Dental implants offer patients a comfortable, natural-feeling replacement for a missing tooth. The implant procedure involves implanting a metal root into the jawbone, which makes jawbone health a major factor in whether you are suited for a dental implant. Cosmetic dentistry specialists do have some techniques for overcoming the jawbone issues so you might not disqualify just for having an issue.
Here are a few of the common jawbone-related issues that can impact your dental implant treatment.
Eroded or Less Dense Jawbone
Healthy, dense jawbone is required for the bone to heal properly around the dental implant root and heal it into place. Eroded or less dense jawbone can happen due to the loss of the natural tooth, which removes vital friction that promotes bone health, or because of an underlying health condition or simple genetics.
Depending on the condition of your jawbone and the cause, your dentist might perform a bone graft to fix the eroded or less dense areas of your jaw. The graft uses donor bone from elsewhere in your mouth or from an external donor to build up the weakened sections. The donor bone is spliced into the existing bone and then allowed to heal so the segments become one piece of solid, strong bone capable of supporting a dental implant root.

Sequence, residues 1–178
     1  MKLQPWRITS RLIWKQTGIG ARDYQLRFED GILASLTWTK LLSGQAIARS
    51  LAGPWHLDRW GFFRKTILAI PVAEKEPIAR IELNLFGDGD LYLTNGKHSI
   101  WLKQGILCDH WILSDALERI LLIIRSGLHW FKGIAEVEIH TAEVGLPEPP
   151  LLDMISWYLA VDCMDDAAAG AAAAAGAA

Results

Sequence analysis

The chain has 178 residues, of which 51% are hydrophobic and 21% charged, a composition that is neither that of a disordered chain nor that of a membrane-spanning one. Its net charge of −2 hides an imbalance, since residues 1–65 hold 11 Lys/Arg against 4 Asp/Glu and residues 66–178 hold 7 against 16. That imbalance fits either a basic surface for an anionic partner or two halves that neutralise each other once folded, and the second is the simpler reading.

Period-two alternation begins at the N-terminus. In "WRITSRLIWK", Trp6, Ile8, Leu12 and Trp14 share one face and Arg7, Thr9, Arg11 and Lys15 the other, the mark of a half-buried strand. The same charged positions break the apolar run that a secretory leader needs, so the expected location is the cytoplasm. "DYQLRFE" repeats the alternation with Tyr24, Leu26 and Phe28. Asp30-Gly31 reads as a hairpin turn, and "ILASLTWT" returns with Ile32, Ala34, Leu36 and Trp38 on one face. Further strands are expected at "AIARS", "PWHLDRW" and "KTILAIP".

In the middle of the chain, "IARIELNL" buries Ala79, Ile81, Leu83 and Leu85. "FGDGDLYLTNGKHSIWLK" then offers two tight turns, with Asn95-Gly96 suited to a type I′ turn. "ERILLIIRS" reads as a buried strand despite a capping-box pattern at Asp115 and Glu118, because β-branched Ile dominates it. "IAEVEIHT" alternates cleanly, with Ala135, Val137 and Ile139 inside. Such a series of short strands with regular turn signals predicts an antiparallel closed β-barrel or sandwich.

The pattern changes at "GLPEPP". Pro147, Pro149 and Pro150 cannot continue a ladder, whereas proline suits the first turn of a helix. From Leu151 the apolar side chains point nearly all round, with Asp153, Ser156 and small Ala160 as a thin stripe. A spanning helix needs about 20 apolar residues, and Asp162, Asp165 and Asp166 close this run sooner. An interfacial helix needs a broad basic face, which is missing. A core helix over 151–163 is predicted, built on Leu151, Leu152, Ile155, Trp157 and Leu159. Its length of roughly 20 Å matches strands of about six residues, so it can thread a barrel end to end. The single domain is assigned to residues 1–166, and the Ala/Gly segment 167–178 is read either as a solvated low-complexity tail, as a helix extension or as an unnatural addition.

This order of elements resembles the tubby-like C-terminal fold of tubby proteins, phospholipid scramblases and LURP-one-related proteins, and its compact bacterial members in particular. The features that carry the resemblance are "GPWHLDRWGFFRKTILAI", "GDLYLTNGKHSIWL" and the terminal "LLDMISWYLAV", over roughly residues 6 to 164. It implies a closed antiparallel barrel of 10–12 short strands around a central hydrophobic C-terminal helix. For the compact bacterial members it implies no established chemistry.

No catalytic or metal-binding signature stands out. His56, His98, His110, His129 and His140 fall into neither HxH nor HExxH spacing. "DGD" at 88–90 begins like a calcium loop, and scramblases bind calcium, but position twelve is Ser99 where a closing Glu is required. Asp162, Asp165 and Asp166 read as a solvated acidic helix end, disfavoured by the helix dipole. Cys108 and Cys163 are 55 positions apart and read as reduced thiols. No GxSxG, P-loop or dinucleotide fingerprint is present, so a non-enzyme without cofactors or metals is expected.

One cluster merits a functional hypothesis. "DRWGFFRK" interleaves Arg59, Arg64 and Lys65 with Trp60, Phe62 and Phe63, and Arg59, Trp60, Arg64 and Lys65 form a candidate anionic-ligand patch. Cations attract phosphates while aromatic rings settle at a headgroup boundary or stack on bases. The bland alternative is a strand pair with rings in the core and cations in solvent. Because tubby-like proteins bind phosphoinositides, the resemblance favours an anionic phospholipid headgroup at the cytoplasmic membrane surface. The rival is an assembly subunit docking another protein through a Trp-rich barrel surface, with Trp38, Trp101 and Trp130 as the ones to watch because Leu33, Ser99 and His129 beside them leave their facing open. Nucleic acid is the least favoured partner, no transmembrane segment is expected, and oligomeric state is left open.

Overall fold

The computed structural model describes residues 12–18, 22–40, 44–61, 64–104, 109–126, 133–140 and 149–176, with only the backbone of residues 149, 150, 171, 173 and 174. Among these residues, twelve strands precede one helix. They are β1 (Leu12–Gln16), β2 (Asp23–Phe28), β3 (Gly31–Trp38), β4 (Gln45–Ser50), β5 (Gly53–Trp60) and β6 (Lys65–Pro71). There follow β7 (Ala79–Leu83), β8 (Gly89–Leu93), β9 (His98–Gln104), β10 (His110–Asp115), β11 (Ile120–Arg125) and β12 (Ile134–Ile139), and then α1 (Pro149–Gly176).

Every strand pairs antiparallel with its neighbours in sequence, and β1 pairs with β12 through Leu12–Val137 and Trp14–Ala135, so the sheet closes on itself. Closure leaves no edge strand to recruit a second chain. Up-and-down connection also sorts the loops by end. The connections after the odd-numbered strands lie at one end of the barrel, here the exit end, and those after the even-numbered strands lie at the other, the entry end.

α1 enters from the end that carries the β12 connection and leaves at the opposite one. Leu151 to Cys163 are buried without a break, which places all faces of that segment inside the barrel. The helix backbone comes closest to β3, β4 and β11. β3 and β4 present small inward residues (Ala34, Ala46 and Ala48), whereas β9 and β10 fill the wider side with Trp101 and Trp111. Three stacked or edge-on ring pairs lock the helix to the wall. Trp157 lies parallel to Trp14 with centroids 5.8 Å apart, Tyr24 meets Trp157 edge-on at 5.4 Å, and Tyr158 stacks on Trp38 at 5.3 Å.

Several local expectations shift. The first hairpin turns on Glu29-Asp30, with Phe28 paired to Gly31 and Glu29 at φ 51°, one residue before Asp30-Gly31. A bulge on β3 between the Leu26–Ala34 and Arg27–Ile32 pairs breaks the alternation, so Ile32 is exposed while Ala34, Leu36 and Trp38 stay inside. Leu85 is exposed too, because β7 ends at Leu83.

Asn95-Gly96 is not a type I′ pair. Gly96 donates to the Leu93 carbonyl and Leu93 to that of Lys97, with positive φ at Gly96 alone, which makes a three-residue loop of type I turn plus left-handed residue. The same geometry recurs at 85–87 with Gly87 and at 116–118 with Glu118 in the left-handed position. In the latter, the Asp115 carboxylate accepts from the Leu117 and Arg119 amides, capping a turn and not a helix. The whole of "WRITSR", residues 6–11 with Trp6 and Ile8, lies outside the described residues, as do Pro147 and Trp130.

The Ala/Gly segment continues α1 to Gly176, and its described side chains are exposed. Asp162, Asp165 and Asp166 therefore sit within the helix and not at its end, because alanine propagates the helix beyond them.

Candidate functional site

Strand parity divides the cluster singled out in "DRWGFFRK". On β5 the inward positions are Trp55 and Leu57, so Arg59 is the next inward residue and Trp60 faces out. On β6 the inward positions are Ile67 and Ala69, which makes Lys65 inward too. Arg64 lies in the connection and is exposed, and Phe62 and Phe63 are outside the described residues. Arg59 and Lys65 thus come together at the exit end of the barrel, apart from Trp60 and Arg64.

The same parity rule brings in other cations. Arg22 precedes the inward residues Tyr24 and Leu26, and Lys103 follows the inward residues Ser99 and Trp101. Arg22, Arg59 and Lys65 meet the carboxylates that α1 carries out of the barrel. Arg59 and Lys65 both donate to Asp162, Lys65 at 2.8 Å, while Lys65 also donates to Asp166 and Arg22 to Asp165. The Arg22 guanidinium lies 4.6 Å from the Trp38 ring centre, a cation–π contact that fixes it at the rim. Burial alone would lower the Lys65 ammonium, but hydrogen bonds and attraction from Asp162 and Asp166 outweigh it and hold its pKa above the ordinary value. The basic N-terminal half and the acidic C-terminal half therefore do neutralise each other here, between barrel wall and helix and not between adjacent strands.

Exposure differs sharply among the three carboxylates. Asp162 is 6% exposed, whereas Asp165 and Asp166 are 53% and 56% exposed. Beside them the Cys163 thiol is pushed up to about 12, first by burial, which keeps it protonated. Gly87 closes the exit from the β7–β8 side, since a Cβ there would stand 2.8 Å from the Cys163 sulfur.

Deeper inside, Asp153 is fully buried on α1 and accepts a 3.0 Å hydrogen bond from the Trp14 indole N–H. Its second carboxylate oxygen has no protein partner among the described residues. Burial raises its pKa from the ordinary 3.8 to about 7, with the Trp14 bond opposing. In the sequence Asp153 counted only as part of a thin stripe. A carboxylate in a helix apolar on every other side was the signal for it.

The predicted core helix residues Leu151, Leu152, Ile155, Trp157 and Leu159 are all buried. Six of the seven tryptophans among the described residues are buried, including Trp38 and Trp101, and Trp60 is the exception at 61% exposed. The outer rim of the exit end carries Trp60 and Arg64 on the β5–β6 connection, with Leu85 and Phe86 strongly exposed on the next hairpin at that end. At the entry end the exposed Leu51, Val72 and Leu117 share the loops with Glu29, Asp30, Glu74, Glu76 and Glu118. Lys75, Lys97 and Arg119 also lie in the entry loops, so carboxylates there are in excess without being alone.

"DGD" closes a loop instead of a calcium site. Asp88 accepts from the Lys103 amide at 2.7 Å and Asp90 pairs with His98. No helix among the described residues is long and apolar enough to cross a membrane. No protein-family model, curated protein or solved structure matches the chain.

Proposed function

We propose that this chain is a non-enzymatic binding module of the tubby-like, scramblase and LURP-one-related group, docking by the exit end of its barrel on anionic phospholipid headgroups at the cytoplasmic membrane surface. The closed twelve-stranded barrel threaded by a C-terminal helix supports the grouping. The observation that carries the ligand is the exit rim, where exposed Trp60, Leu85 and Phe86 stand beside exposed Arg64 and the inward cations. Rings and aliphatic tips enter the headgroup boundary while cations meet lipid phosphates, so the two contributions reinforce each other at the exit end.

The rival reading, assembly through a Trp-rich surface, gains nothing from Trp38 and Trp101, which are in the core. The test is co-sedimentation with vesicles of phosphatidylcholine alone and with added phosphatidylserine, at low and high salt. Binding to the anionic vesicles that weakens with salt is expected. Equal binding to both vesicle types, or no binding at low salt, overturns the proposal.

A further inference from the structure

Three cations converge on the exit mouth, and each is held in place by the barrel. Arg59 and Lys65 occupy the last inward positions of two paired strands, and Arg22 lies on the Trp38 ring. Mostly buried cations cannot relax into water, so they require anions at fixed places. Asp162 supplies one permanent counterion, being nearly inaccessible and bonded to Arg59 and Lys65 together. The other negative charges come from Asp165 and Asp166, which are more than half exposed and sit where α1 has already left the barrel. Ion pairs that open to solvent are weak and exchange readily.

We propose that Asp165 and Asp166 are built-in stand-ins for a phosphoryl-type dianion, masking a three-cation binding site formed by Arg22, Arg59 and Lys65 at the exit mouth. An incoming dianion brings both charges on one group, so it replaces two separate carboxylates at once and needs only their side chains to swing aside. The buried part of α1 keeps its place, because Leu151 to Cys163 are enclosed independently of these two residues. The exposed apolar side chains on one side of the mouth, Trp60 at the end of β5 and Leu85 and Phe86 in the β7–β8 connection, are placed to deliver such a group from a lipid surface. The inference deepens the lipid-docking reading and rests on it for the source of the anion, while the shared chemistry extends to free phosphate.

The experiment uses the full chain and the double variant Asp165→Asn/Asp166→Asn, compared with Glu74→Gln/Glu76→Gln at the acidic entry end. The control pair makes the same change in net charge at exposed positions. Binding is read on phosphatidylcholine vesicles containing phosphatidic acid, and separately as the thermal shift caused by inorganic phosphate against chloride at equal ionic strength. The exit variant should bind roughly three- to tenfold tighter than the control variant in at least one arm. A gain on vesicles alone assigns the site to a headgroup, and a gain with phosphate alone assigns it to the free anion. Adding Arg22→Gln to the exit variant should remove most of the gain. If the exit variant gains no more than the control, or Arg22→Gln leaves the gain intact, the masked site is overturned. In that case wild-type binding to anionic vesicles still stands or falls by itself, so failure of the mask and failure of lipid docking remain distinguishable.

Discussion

Narrow Jawbone Ridge
You can have healthy, dense jawbone but have too narrow of a jawbone ridge to support the dental implant root. The ridge is the curved upper part of the jawbone where the teeth are rooted. Some people naturally have a narrower ridge and it isn't as easy to build up the ridge thickness with a bone graft.
Your dentist might instead recommend subperiosteal dental implants. The subperiosteal implants don't rely on an implant root but rather sit on a metal plate base that tightly straddles the ridge much the way that dentures are molded to closely fit over the jaw. The primary difference is that the implant base sits under the gum tissue, which heals closed to hold the plate in place, while a denture plate sits over the gums.
Sinus Cavity Low in Jawbone
Do you need a dental implant in the upper half of your jaw? The parallel-running sinus cavity could become a problem if you also have some weakened jawbone. The sinus cavity is normally high enough to be out of the way but a lack of bone support can allow the sinus to drop down directly into the path of the implant root. Piercing the cavity with the root would cause a host of health problems so your dentist needs to get it out of the way.
A sinus lift procedure pushes the cavity back up into its higher position and then builds up the bone underneath with a graft to ensure the cavity doesn't drop back into the way. Once the graft heals together, your dentist can start the dental implant process without having to worry about sinus damage.
For more information, contact a business such as Cumberland Periodontal Associate.